The worst time to figure out that you hate a new sofa is after it’s been delivered. The convenience of online shopping makes browsing easier, but when you’re buying a couch sight unseen, it’s important to do your homework. After hundreds of hours of research, including visiting three furniture factories, interviewing industry experts, and parking ourselves on nearly every sofa we’ve seen, we can tell you exactly what separates a great sofa from a future curbside donation. This guide will walk you through everything you need to know to bring home a durable—and comfortable—piece of furniture. And we recommend some worthy brands we’ve personally tested.
Finding the right sofas for your space and budget begins with deciding what type and style you want. Just as important, you’ll need to determine what size sofa will fit in your home(including through doorways, down hallways, and up stairs, among other exterior and interior obstructions). Then consider how many people you want to seat and what you should avoid (and invest in) if pets or kids will regularly use the sofa. We tell you how to check for quality construction, how much you should expect to spend, and when you can get the best deals. We’ve also put together a buying checklist that you can consult while you’re shopping to help you remember the most important details.
A sofa is one of the most expensive pieces of furniture that most people purchase, and we encourage you to try them out in person, or to buy from online companies that have generous return policies. We hope that after you read this guide, you’ll feel comfortable purchasing a sofa that will be an investment in your current and future home. And if you’re curious about why two seemingly identically styled sofas might have drastically different prices, hop over to our companion piece, Sofa Buying Advice From the People Who Design and Make Them.
Decide what type of sofa you want
Sofas and couches come in many shapes and sizes. The right one for you will depend on how much space you have, how many people you want to seat, and whether you plan to use the sofa for napping or hosting overnight guests. These are the four types you’ll generally find:
Standard sofa or couch: These generally measure between 72 and 84 inches, comfortably seating three to four people.
Loveseat: Similar to a sofa, but intended for two people, these range from 48 inches to 72 inches wide.
Sectional: A larger modular sofa consisting of two or more pieces arranged in an L- or U-shaped configuration. Apartment-size sectionals are about the same size as a standard sofa, but larger sizes can seat five or more people.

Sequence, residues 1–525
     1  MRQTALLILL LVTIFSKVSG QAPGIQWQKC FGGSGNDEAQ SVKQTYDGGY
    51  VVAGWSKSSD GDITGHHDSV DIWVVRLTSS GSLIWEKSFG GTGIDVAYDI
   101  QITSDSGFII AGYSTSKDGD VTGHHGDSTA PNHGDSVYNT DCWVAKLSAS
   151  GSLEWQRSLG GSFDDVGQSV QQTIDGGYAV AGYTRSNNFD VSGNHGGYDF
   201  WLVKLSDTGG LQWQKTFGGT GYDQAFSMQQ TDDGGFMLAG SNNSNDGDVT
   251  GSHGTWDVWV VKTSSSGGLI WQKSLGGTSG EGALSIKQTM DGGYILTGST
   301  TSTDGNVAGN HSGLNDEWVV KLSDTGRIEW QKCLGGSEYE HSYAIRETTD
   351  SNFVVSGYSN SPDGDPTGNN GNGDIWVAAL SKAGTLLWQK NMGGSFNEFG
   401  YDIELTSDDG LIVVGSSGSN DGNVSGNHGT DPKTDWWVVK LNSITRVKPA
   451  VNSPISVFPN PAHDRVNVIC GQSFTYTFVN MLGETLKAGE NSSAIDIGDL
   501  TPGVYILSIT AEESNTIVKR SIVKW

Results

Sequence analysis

Sofa bed or daybed: A sofa bed transforms to lay out flat, offering a mattress-like surface to rest on. A daybed is essentially a sofa with more depth, and is intended for lounging comfortably stretched across its length.
Although a designer may take offense if you call their sofa a couch, or lounge chairs, in everyday use there’s no difference. Both describe a cushioned piece of furniture with a back intended to seat more than one person. “Sofa” has always implied a more formal seating arrangement for entertaining guests (and the design/retail industry favors the term), and “couch” connotes the relaxed comforts of seating that’s intended to welcome any and all.
Choose a sofa style
Regardless of how well a sofa is made, you won’t be happy with it if you don’t also love the way it looks. Narrow your search to the styles that appeal to you and that will complement your home’s decor. Below are the eight most common styles sold today.
Mid-century modern: The hallmarks of the mid-century aesthetic are a clean and minimalist structure sitting low to the floor atop unadorned metal or wooden legs.
Lawson: The “comfy jeans” of sofas, the laidback Lawson is practically synonymous with what we think of as the quintessential couch where spare change gets discovered.
English roll arm: The cushioned yet firm high-back sofa is distinguished by its low contoured arms leaning outward. This style looks best in traditional and transitional decorated spaces that have enough room not to cramp its size.